The Local Government Association (LGA) wants to see failing Jobcentres scrapped in order to save long-termed unemployed youngsters.
Speaking at the National Children’s and Adults Services Conference, LGA chair Cllr David Sparks – a career adviser for 30 years – said that young people were being left behind:
“Unemployment is falling, but we cannot get complacent. Hidden beneath this overall fall, thousands of our vulnerable youngsters are being left behind by growth and councils fear that they may never recover.
“They are being failed by an inefficient maze of national schemes and are fast losing faith in the system and in themselves. For a young person out of work for two years or more, one more trip to the Jobcentre or an extra CV-writing course just won’t make any difference.”
Sparks added that government cannot afford to spend “inefficiently” on 40 different schemes that compete, duplicate and conflict locally. Instead, they must commit to devolving nationally-run education, skills and employment schemes to local areas, which can join-up and target services better.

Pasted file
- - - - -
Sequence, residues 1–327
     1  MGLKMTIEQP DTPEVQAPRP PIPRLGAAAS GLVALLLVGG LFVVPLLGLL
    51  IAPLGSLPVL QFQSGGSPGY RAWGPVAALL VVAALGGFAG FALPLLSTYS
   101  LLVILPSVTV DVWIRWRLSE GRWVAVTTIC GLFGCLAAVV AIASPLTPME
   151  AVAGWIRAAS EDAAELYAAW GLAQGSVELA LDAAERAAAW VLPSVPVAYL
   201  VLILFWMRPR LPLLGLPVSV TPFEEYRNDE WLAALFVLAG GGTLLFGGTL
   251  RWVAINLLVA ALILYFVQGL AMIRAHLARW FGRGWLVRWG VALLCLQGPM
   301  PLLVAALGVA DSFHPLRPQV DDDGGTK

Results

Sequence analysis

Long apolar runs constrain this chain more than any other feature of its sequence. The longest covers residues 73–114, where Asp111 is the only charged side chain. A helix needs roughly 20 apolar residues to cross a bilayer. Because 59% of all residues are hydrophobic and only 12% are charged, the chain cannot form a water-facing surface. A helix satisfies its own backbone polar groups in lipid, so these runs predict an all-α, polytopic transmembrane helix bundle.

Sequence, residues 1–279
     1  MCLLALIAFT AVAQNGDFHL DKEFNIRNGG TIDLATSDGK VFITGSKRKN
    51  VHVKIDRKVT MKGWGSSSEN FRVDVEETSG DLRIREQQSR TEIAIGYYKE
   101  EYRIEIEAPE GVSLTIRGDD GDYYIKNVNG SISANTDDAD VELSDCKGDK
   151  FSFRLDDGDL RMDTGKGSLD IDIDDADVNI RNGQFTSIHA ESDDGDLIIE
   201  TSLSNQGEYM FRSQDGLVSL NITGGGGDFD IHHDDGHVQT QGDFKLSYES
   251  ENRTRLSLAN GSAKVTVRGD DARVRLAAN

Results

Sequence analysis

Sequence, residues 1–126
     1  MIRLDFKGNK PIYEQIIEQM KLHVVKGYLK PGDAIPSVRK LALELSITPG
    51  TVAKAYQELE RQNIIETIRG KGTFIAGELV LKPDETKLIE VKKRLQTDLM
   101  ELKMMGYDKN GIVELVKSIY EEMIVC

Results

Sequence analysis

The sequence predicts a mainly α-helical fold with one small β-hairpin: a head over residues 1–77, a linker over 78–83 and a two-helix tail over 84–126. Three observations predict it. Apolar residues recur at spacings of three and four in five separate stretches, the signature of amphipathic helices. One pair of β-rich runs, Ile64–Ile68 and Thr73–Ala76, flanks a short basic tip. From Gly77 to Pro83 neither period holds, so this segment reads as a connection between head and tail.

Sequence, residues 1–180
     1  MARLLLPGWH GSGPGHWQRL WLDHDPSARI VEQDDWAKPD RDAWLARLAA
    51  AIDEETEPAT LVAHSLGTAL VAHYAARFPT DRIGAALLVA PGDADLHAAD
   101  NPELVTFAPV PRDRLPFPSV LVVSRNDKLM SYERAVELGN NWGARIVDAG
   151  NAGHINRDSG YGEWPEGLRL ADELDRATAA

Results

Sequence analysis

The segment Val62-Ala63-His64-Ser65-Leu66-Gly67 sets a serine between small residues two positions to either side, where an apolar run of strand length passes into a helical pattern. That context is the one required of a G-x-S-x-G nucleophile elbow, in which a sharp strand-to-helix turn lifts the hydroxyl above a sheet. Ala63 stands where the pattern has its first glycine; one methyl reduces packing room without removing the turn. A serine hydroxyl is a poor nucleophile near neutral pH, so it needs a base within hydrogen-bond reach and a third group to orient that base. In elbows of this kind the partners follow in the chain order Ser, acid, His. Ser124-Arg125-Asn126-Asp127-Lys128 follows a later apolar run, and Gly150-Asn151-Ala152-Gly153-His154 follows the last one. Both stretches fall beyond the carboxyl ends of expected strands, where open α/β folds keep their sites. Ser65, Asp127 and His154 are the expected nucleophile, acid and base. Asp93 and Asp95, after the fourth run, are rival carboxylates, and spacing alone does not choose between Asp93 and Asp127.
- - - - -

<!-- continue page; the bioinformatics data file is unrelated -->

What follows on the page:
The number of 16 to 24-year-olds out of work for more than two years has quadrupled in the past decade. Around 90,000 of the nation’s youngsters have been jobless for two years or more – up from 21,000 in 2005.
To fix this, the LGA proposes to:
- Establish a job subsidy programme to fast-track the 220,000 unemployed for over a year – delivered by councils;
- Scrap Jobcentre Plus and the maze of national reengagement schemes, replacing them with a locally-led Youth Transitions Service;
- Introduce a national Youth Transition Allowance to replace Jobseekers Allowance, to remove youngsters from the adult benefits system.
Estimates suggest youth unemployment will cost the economy £28 billion over the next decade – at least £689 million a year on benefits, £2.2 billion in lost tax and £6.3 billion in lost economic output.
“We need radical change so we can equip future jobseekers with the skills, confidence and real-life experience they need to find work and rapidly help those 220,000 youngsters looking for work for over a year,” he explained.
“Young people need a new kind of service, one that is joined-up locally around their needs and the needs of local employers rather than remote national institutions and bureaucracies.”
Unless something changes, warns the LGA, a third of young people – around 2.1 million people – will be unemployed or underemployed by 2018.
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